Sarah Knott's new book, Mother: An Unconventional History (2019), published in the US as Mother is a Verb: An Unconventional History, has been highly praised. It covers pregnancy as well as childbirth and after. See the review by Helen McCarthy in the LRB.
posted by verstegan at 2:29 AM on November 5 [2 favorites]

Nobody Told Me by Hollie McNish - I think you would love this.

Also Great With Child: Letters to a Young Mother and Tender Hooks (poetry), both by Beth Ann Fennelly, are great.
posted by atlantica at 4:21 AM on November 5

Maybe someone can help with this: in Lois McMaster Bujold's Vorkosigan series I (think I) remember Cordelia having some children after Miles is an adult. The uterine replicators appear in several books but this one has the most detail about the experience of "decanting". Which book is this?
posted by Botanizer at 4:22 AM on November 5 [1 favorite]

Seconding Maggie Nelson's The Argonauts. I was pregnant when I read it, and it helped so much to read something that didn't describe parenting as only a) for cis people and b)happening in a cishet relationship (I am in a cishet relationship and I found the gender essentialism of everything I read to be pretty alienating, all the hippie books are so very small-c conservative in their assumptions.)

Also, when I found out I was pregnant I immediately went to the library and picked up both the "what to expect" book and one written by/for lesbians going through conception and pregnancy. I don't remember the name, sorry, and it was a bit dated in its assumptions too, but I appreciated having something that reflected my experiences a bit more - the very early awareness of pregnancy, for instance, that comes when you're tracking your cycle closely (I am old and was old when we were trying to get pregnant.)

I really enjoyed reading Ina May Gaskin books, which are full of birth stories. Reading birth stories was incredibly helpful for me in understanding the possibilities of pregnancy and birth, since I had never gone through it and didn't have a group of new parents to talk to (again, I was old while doing this.) Historicizing them (and everything else I read) helped me set aside some of the woo stuff that didn't work for me.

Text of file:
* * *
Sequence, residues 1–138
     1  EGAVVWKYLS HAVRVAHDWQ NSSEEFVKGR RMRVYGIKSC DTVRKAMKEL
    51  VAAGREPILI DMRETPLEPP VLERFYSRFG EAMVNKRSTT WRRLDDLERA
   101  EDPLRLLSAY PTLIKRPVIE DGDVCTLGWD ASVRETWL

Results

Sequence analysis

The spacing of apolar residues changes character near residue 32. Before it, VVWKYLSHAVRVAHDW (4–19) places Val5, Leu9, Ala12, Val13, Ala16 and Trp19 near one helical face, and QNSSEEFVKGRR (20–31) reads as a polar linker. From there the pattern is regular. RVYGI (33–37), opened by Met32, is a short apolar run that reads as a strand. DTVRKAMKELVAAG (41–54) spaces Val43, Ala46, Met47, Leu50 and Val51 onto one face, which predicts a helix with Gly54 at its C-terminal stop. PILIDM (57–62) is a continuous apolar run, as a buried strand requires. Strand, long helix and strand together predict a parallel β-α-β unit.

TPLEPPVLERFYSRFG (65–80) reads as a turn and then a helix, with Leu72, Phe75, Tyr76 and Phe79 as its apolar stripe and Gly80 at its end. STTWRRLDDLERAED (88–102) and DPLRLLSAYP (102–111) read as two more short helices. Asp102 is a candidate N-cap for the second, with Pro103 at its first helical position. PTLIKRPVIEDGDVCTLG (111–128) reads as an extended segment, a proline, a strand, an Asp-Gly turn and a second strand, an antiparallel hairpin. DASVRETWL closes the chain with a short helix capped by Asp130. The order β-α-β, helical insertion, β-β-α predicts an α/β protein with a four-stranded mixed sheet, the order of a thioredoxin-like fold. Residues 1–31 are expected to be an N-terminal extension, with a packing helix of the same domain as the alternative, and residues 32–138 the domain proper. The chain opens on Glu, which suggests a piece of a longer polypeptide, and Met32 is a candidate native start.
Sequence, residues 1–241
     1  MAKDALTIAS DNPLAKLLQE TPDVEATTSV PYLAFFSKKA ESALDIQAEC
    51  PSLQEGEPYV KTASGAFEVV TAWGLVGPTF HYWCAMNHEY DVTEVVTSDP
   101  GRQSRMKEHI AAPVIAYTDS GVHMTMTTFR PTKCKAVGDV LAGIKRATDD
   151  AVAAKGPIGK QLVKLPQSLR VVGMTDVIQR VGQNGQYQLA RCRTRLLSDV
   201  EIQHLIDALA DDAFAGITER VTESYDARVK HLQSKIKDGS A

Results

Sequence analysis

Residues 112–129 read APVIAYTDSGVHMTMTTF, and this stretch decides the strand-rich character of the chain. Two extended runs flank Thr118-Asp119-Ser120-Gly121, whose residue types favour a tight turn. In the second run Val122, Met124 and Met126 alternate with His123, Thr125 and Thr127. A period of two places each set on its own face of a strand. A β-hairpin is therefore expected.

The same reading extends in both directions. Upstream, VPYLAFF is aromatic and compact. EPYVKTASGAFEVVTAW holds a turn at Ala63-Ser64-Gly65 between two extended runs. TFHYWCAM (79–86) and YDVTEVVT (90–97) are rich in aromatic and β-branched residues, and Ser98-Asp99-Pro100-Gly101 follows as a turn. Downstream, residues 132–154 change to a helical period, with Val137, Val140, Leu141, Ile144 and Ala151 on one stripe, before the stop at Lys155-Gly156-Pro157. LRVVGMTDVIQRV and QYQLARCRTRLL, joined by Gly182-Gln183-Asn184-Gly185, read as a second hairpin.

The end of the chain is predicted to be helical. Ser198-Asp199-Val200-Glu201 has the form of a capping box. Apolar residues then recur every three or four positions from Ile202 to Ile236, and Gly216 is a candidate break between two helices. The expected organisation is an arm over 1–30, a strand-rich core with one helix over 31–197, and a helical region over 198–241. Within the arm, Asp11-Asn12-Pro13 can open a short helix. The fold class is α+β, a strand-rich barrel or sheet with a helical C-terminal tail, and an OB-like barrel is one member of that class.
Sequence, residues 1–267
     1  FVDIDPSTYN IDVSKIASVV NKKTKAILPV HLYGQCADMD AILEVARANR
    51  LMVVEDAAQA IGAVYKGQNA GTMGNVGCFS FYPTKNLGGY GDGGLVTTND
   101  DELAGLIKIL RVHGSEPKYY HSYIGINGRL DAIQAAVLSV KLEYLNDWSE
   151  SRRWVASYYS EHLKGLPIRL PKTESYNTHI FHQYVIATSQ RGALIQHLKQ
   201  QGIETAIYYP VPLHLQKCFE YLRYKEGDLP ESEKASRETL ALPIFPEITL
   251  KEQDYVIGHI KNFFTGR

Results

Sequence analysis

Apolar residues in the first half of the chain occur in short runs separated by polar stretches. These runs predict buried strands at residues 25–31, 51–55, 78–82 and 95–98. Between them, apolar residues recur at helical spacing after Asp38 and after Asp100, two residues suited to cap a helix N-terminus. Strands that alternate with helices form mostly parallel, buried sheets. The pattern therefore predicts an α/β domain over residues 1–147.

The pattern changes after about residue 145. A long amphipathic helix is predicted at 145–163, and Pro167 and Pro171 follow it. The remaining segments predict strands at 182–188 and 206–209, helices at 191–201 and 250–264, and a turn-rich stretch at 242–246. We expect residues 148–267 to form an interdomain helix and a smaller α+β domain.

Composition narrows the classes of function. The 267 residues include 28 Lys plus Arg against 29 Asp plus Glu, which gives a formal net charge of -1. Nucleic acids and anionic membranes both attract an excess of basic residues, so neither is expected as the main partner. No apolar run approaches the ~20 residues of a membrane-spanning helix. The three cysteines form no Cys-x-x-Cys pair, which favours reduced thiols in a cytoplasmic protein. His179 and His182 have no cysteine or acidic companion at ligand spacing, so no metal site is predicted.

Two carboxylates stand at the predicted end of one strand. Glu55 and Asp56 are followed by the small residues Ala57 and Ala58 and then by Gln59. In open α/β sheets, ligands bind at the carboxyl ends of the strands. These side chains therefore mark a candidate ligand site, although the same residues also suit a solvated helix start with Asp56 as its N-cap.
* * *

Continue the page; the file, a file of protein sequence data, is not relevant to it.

Avoid: anything about the Bradley method. Centers the (inevitably male) birth partner so much, wtf.
posted by Lawn Beaver at 6:48 AM on November 5 [2 favorites]

I loved reading the late Sheila Kitzinger 30+ years ago. A lot is out of print but available at the library(maybe inter-library loan).

and Ina May Gaskin's Spiritual Midwifery is very, very hippie-influenced, but so many stories of birth experiences was what I wanted.
posted by theora55 at 8:17 AM on November 5

If you want birth stories but with way less hippie stuff than Ina May's books, roll on over to reddit.com/r/BabyBumps where redditors share several of them a day for free covering a much more diverse and modern set of birth experiences than you'll find in any published book.
posted by potrzebie at 8:41 AM on November 5 [2 favorites]

Oh man also the graphic novel Pregnant Butch is well worth hunting up!
posted by potrzebie at 8:45 AM on November 5 [1 favorite]

When I was recently pregnant, two books I really enjoyed in this vein were Angela Garbes's Like a Mother: A Feminist Journey Through the Science and Culture of Pregnancy (though perhaps a bit too biology-focused for your interests?) and Molly Caro May's Body Full of Stars: Female Rage and My Passage Into Motherhood.
posted by Synesthesia at 8:49 AM on November 5 [2 favorites]

In addition to Potzrebie's fantastic list, I'd offer a few others:
For novels,
Department of Speculation - Jenny Offill
Future Home of the Living God- Louise Erdrich
Severance- Ling Ma
Rosemary's Baby- Ira Levin (not kidding)
Although Sheila Heti's Motherhood is about deciding whether or not to have a child, not being pregnant, it can be moving in the moment you're in.